COMMENT: 02.15.19- A slew of 15 new emojis reflecting people with disabilities is coming in version 12.0 update for smartphone devices, including the iPhone, but the idea was basically to submit the special minimal digital icons for inclusion as part of our way of expressing our feelings?
As I reported here in this column last week, the Unicode Consortium has approved 59 brand new emojis that will make their way to all the smartphones once towards the end of the year. What specifically stood out from the gang was the more inclusive nature that represents people who are disabled, which took my attention as a person with two disabilities. Firstly, I am visually impaired and totally blind (from losing sight back in July 201
Stories pertaining to disabilities – namely, those relating to Apple and accessibility – are one of the special topics I like to cover and highlight in this column from time to time. (I even have a special section on my column archive page just for these types of articles: find it in the "Coverage Highlights" tab under "Apple & Accessibility"). So naturally, when I read the article on Fast Company magazine's website from a post on my Facebook news feed, I wrote a news about it here in this column.
After my story was published, I was surprised – more happy than shocked – to get into a newsletter email as a subscriber, a related article from Macworld the magazine of the new emoji who went more thoroughly into who and what the Unicode Consortium is and, more specifically, who was responsible for the proposal of the 15 emoji subjects that were designed to reflect people with disabilities.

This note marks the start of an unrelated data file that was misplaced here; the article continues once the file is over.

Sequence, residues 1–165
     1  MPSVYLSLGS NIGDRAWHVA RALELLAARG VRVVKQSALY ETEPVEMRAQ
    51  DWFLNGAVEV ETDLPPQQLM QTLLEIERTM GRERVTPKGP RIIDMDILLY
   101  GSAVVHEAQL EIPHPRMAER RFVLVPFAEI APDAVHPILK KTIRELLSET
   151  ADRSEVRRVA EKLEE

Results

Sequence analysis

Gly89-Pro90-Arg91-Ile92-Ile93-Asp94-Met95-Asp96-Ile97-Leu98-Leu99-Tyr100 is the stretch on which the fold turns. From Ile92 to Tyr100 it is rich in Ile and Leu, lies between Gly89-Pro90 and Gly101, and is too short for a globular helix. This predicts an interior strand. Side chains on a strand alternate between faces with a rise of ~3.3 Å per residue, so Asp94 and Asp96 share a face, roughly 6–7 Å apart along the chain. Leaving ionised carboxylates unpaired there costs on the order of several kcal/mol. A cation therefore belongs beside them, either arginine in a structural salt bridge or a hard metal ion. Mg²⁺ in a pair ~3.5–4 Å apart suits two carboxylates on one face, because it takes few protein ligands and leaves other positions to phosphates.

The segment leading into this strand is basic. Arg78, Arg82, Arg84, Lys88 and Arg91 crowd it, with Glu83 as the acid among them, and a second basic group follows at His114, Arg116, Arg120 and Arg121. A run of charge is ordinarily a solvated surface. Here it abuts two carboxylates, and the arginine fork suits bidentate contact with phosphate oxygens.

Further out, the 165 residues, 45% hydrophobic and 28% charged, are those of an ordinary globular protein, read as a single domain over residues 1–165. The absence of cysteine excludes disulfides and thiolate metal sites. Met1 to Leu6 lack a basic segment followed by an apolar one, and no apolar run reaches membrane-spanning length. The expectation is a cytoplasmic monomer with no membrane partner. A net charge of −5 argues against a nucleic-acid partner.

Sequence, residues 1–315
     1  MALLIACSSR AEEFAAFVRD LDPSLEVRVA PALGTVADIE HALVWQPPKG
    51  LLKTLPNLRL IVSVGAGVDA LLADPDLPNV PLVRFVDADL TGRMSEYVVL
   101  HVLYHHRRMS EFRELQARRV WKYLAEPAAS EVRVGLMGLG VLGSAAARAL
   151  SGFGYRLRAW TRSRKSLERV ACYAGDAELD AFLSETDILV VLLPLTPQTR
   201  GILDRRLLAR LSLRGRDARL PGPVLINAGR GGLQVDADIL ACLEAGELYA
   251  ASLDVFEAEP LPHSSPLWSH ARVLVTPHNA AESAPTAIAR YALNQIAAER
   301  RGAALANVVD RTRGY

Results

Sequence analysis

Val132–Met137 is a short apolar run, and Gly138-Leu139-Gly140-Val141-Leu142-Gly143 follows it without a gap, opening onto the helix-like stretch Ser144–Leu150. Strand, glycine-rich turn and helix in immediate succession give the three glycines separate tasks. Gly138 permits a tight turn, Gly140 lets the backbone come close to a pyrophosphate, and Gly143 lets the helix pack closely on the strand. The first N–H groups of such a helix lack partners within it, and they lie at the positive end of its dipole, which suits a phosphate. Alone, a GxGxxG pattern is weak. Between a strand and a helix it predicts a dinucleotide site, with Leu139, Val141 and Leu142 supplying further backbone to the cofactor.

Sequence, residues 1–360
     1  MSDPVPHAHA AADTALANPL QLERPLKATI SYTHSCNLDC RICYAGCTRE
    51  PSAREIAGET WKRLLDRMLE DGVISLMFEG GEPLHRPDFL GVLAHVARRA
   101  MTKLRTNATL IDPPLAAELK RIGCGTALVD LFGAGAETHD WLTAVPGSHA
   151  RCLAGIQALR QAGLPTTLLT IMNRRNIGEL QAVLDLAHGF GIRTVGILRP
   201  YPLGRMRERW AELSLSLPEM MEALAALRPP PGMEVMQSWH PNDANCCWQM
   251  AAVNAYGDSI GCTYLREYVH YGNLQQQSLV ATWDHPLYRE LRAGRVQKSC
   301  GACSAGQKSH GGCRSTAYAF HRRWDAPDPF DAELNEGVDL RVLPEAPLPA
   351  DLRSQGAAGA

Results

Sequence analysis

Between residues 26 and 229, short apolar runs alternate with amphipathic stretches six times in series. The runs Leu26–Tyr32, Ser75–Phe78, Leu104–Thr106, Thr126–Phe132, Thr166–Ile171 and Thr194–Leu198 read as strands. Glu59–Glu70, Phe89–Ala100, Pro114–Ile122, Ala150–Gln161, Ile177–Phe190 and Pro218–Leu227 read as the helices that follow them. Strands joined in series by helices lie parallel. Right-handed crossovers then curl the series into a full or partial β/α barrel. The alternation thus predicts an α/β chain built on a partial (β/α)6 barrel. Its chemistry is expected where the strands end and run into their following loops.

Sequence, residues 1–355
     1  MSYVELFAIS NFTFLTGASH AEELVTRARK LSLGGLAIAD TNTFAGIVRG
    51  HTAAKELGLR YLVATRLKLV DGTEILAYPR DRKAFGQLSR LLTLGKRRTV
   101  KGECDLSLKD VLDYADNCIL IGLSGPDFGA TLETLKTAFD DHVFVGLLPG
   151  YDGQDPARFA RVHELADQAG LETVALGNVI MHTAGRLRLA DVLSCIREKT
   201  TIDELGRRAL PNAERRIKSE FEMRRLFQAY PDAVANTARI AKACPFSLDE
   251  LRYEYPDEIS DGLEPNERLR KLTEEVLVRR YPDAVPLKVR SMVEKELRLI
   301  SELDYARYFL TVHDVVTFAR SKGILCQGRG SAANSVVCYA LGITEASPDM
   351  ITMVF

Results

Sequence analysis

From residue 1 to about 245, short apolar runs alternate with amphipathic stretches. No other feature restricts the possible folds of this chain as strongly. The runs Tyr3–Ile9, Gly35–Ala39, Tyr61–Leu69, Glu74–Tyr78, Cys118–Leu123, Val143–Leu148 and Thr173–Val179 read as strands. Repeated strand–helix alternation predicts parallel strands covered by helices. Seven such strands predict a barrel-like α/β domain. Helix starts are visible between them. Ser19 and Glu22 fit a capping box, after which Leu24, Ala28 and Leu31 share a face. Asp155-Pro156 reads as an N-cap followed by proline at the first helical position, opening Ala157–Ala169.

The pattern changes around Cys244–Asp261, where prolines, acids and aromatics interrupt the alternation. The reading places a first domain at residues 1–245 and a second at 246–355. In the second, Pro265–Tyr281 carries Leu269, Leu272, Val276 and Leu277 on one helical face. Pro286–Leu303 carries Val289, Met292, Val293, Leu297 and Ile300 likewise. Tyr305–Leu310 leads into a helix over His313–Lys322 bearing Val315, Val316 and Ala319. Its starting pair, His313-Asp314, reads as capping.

The Unicode Consortium – According to the article's author, Human Resources Author Jason Cross – consists of representatives from a number of hardware and software companies who agree on updates to the Unicode standard, which is a common way of encoding and representing text in digital formats which is the basis for sending and displaying text in virtually any case
Cross wrote, "Emojis is part of the Unicode standard, and the group comes together every year to determine which new icons will be added to the official list."
Then came the great revelation, at least for me, for the specific group responsible for suggesting the party of new Emojis representing the disabled: Apple.
Cross wrote: "All Apple's proposed accessibility emojis is included in the 12.0 standard."
Unicode Consortium agreed to include all nine of Apple's proposed accessibility emojis – a story that Cross first reported last year – which was written in a proposal letter from Apple and sent to the consortium.
The following are excerpts from the same letter from March 2018:
Suggested new availability Emoji
Apple asks for the addition of emoji to better represent individual duels with disabilities. Currently, emoji provides a wide range of options, but cannot represent experiences from those with disabilities. Diversification of available options helps fill a significant gap and provides a more inclusive experience for everyone.
One in seven people around the world has some form of disability, whether physical disability involving vision, hearing or loss of physical motor skills, or a more hidden, invisible disability . The current selection of emoji provides a wide variety of representations of people, activities, and objects that are meaningful to the public, but very few speak to the life experiences of those with disabilities.